When I see bees in my backyard orchard, I’m excited about fruit to come. If you’re a gardener, chances are you love to see bees buzzing around your plants too. We rely on pollination for a good harvest of fruits and vegetables. Every gardener should know how to attract bees.
Why Attract Bees?
Why attract bees to your orchard or garden? The answer is pollination. Bees carry pollen from the male anther of one plant to the female stigma of another. The plant can then form a fruit that contains seeds. We care about pollination because it’s the only way most plant species, including fruit trees, can bear delicious fruit and vegetables.
Whether you grow colorful flowers or food crops, bees are essential to your garden’s health. We grow fruit trees, so bees are important in the late spring months for a good harvest of apples and plums and cherries later on.
Furthermore, pollinators like bees are a sign of ecological health. If your garden attracts bees, it has enough plant diversity to support insects. If you share a passion for honeybee preservation, you know that habitat loss threatens pollinators. Making a honeybee garden will help keep pollinators around long-term!
What Is a Bee-Friendly Garden?
When you want to attract bees, chances are you’re thinking of a honey bee. Honey bees are scientifically named apis mellifera. While apis mellifera is a common species, a wide variety of bees pollinate fruit trees and gardens. Bumblebees, carpenter bees, sweat bees, and even wasps can all be beneficial insects.
A bee-friendly garden should focus on attracting native pollinators, including a range of bee species. I’ve found the key to attracting bees is simple: provide a food source. All kinds of bees need to find food for the colony. A bee’s natural food supply includes nectar from wildflowers and fruit tree blossoms.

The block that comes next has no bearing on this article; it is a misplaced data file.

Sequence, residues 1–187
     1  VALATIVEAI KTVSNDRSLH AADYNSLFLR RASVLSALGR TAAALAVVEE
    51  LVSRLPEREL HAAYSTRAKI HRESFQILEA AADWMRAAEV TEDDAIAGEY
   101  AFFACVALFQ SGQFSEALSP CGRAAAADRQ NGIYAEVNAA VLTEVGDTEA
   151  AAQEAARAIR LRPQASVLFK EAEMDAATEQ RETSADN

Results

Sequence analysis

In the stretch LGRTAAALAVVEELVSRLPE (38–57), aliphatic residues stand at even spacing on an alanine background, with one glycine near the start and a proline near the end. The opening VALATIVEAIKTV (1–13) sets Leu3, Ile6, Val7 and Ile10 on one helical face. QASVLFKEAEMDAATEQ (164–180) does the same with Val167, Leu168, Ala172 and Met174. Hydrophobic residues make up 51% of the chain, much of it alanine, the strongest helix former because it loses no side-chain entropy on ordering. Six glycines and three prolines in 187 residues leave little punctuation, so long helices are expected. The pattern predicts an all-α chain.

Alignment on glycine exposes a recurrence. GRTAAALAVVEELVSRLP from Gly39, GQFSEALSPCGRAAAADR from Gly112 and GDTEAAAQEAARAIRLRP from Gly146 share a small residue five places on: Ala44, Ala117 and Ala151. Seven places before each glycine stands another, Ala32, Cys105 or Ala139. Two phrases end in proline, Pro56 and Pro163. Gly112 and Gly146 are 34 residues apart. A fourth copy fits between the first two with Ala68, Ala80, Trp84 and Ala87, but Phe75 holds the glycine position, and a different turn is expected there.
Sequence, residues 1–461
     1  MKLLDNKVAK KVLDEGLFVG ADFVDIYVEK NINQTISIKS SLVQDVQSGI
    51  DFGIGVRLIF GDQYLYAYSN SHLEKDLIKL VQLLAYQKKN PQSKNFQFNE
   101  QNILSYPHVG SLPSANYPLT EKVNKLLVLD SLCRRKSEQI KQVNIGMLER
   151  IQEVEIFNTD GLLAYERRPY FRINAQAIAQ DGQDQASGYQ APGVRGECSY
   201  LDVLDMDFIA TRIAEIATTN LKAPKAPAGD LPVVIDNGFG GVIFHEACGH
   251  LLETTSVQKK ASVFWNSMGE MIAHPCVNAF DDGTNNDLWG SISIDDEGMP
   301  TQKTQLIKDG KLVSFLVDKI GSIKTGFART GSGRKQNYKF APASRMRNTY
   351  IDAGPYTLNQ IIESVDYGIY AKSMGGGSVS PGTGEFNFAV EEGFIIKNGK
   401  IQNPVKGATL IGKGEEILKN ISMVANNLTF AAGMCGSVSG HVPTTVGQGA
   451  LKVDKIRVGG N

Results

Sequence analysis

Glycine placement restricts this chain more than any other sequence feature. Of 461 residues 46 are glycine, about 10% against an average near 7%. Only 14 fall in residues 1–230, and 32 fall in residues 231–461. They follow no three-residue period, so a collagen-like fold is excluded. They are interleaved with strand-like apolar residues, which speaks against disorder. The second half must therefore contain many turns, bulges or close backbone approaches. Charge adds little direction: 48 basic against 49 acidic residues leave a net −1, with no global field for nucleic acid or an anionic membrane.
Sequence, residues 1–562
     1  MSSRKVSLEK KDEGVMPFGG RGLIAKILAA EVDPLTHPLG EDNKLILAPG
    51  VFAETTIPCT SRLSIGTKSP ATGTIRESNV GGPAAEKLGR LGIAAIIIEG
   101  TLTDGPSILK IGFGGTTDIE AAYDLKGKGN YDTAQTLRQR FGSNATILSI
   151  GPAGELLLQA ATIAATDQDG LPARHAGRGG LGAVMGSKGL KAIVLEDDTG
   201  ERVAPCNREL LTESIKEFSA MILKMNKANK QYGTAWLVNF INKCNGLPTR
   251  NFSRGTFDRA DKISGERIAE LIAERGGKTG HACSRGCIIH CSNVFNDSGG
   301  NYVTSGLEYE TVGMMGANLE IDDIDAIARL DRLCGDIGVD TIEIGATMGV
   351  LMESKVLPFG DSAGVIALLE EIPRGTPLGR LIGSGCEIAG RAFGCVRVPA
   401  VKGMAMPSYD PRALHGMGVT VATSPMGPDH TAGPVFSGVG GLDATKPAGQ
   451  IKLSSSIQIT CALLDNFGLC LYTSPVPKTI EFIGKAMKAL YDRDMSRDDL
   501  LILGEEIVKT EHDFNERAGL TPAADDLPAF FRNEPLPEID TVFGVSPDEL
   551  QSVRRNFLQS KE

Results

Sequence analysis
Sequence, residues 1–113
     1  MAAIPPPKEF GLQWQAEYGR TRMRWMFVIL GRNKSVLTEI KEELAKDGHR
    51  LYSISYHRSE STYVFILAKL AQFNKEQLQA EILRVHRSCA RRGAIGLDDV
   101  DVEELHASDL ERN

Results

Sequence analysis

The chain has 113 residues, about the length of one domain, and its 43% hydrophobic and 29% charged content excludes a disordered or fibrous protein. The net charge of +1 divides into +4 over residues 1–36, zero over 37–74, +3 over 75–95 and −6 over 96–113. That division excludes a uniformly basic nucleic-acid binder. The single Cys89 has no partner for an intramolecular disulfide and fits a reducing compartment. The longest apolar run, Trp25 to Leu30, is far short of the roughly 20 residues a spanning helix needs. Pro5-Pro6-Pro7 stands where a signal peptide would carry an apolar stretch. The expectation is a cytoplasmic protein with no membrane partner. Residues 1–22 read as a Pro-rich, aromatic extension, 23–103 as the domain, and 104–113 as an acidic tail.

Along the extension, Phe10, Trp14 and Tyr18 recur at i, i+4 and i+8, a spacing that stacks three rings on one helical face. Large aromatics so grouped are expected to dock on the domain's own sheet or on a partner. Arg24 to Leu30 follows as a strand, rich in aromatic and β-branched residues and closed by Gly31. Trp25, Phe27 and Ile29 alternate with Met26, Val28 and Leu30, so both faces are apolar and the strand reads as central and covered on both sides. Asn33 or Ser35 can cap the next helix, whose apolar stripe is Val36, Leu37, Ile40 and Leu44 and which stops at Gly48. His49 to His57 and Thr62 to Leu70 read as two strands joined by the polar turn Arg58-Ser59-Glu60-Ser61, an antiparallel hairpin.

Here’s a brief list of what makes a bee-friendly garden:
- Food sources for pollinators: this is the most important factor to attract bees. Sources of nectar such as native wildflowers or fruit trees work well. A variety of plants is best.
- Nesting material: while honeybees live in a hive with a complex social system and won’t automatically move into your garden, that’s not the case for every bee. Bumblebees will make underground nests a few inches deep, carpenter bees like dead wood, and sweat bees burrow in direct sunlight or dead trees. A habitat for pollinators should include a variety of nesting areas – think of these like “bug hotels!”
- Drinking water: bees need to stay hydrated, too! A water feature like a shallow dish is a good way to attract bees. Avoid water from sprinklers that can soak bees and chill them, or a deep pool where bees can drown.
- No toxic pesticides: a bee-friendly garden should not provide exposure to pesticides that kill honey bee colonies. Look for bee-friendly pesticides to get rid of just the destructive insects. However, keep in mind that a honeybee garden is a pollinator partnership. Insects that hurt one plant might be an excellent pollinator for another plant.
If your garden meets all of the above points, it’s a pollinator paradise! You’ll attract all sorts of effective pollinators – bees, butterflies, and maybe even hummingbirds. We’ll go through all of these factors in detail in the following section.
How to Attract Bees
Now that we’ve gone over why bees are important and what a bee-friendly backyard is, let’s get to the good stuff! You’re ready for a beautiful backyard that’s a good food source for bees. How do you turn your garden into a pollinator paradise?
Flowers that Attract Bees